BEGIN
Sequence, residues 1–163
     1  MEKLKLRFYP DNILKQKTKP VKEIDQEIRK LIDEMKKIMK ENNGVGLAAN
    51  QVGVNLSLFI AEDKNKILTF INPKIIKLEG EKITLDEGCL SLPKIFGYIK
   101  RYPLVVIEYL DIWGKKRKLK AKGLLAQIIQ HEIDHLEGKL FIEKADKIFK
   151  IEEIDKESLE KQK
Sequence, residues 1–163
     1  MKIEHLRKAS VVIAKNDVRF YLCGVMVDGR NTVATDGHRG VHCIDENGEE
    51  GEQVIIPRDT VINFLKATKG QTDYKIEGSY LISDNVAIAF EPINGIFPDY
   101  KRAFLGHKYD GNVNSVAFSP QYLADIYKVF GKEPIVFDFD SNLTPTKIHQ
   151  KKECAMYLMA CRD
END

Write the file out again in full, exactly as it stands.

Sequence, residues 1–163
     1  MEKLKLRFYP DNILKQKTKP VKEIDQEIRK LIDEMKKIMK ENNGVGLAAN
    51  QVGVNLSLFI AEDKNKILTF INPKIIKLEG EKITLDEGCL SLPKIFGYIK
   101  RYPLVVIEYL DIWGKKRKLK AKGLLAQIIQ HEIDHLEGKL FIEKADKIFK
   151  IEEIDKESLE KQK
Sequence, residues 1–163
     1  MKIEHLRKAS VVIAKNDVRF YLCGVMVDGR NTVATDGHRG VHCIDENGEE
    51  GEQVIIPRDT VINFLKATKG QTDYKIEGSY LISDNVAIAF EPINGIFPDY
   101  KRAFLGHKYD GNVNSVAFSP QYLADIYKVF GKEPIVFDFD SNLTPTKIHQ
   151  KKECAMYLMA CRD